If Trelise Cooper is “deeply committed to strong ethical standards” she appears to have a funny way of showing it, says fellow fashion designer Denise L’Estrange-Corbet.
This article was first published on Newshub.co.nz.
Dame Denise L’Estrange-Corbet has slammed Kiwi designers who use third world labour to manufacture their clothing. The WORLD co-founder yesterday spoke to RadioLIVE about the results of a global ethical fashion report.
The Tearfund and World Baptist Aid Australia report scrutinised more than 100 companies and 400 brands, including 18 New Zealand companies. Karen Walker received a C and Ruby a D+, while Trelise Cooper was hit with a shocking F rating in the report, which Dame Denise says she’s “disappointed” about.
“I think it’s very sad that New Zealand designers, who are very proud about being New Zealand designers, do not support the industry and have all their clothes made in third world countries,” she says.
“Trelise Cooper came out and said she was deeply serious about social responsibility. Well if she was, then she wouldn’t be manufacturing in a third world country.”
WORLD did not appear in the report because the brand manufactures all their clothing in New Zealand, and have done since their inception in 1989.
The company must abide by governmental standards around paying staff a working wage, meaning WORLD charges more for their garments – although Dame Denise says less ethical brands often charge just as much or even more for their clothing.
“They’re making huge mark-ups on the back of children making clothes and really bad working conditions,” she says.
“No New Zealand person would think that was acceptable if we did that in New Zealand with our workers, yet these people are quite happy to let people in other countries work under those conditions.
“I’m very, very disappointed.”
When asked if she feels cheated by companies who use cheap offshore labour, she replied with a scathing indictment of brands such as Trelise Cooper.
“I don’t feel cheated, I just feel that they’ve got no moral obligation,” she said. “I couldn’t sleep at night knowing that children were making my garments or stitching on sequins. That’s my company’s ethos and we’ve always stood by that.”
In response to the report, Trelise Cooper released a statement saying the F grade it was given is not an accurate reflection of its ethical standards or behaviour.
“Tearfund demanded an arbitrary, limited timeframe for a very intense and detailed report that we simply could not meet. We volunteered to participate instead in the following year, which they did not accept,” a spokesperson said in a statement.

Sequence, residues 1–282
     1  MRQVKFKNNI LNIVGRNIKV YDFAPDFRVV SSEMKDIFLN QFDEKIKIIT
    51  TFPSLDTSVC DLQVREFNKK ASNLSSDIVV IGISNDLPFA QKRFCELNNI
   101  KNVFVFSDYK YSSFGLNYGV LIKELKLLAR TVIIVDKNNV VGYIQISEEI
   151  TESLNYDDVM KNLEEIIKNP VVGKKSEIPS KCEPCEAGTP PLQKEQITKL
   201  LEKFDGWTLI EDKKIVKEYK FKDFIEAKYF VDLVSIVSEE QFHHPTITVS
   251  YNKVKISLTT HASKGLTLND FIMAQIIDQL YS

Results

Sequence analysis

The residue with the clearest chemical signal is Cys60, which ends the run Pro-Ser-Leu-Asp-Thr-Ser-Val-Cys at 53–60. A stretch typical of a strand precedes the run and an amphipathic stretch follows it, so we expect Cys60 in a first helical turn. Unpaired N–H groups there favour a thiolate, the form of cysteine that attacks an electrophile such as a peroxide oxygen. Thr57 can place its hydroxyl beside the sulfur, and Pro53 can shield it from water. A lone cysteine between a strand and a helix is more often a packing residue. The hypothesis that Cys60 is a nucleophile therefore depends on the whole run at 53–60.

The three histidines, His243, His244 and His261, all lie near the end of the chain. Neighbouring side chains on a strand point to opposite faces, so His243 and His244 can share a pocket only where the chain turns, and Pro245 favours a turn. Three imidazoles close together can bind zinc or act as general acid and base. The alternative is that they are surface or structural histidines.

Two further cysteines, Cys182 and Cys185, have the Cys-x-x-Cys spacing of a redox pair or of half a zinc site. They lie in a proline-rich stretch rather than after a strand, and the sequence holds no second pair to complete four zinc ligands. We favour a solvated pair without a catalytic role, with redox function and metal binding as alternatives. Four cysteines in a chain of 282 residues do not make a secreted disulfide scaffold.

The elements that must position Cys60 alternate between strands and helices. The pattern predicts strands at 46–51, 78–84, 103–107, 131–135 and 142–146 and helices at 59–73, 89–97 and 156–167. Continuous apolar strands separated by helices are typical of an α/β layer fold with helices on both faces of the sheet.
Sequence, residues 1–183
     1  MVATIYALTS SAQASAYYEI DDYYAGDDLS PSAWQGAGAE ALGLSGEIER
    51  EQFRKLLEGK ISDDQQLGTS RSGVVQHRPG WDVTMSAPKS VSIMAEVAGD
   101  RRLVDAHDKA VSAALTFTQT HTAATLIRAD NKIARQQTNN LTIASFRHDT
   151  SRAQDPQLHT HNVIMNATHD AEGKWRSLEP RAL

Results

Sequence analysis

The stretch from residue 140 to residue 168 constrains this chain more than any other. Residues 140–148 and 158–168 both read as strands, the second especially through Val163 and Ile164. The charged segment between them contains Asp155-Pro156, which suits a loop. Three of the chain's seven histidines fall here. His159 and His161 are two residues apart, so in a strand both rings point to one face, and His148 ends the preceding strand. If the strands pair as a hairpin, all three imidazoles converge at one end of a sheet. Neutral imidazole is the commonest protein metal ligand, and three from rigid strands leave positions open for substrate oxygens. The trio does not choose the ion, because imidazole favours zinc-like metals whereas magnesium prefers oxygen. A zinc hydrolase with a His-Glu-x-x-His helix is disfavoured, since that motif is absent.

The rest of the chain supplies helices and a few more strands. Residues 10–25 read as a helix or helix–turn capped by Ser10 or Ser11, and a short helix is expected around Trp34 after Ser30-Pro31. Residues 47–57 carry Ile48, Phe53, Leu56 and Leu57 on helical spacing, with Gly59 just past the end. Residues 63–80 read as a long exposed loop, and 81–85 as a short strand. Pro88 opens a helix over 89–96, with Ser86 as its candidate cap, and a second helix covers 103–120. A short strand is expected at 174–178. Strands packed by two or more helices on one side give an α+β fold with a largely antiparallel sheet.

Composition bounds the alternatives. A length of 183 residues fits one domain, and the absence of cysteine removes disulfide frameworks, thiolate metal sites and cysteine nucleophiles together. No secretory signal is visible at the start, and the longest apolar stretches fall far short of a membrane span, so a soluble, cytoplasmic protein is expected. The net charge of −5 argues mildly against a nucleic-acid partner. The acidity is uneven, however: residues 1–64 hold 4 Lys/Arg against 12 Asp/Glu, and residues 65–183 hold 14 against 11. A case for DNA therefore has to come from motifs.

“Trelise Cooper Group has developed an Ethical Code of Conduct to ensure workers are not exploited.
“This covers key issues of fair living wages, child labour, hours of work, justice, safety, diversity and we require all employers, our suppliers and manufacturers to work within the code.”
Tearfund’s CEO Ian McInnes disputed Trelise Cooper’s statement and said the organisation stands by the methodology of its Ethical Fashion Report.
“We believe the timeframes for completing the survey are reasonable. We give companies just over four months to complete the survey; the reason for this timeframe is to ensure we give them enough time while at the same time ensuring we capture an accurate assessment of their current ethical practices. We believe we have this balance about right: this year, around 80% of the 114 companies surveyed submitted their information before deadline and we receive very few complaints about the timeframe,” he said.
“It’s also inaccurate to say that companies are automatically given an F if they don’t participate. We believe information about all major companies should be available to the public so consumers can ensure they’re not buying clothes that could be made by people trapped in exploitation. So, if companies choose not to complete the survey we assess them on publicly available information. Some companies still score quite high in this way, for example Levi Strauss scored a B-, and most who don’t complete the survey don’t receive an F. If companies score an F it means they have little to no information publicly available, which no longer meets industry standards around transparency.”
Newshub has approached Trelise Cooper for a response to Dame Denise’s comments.
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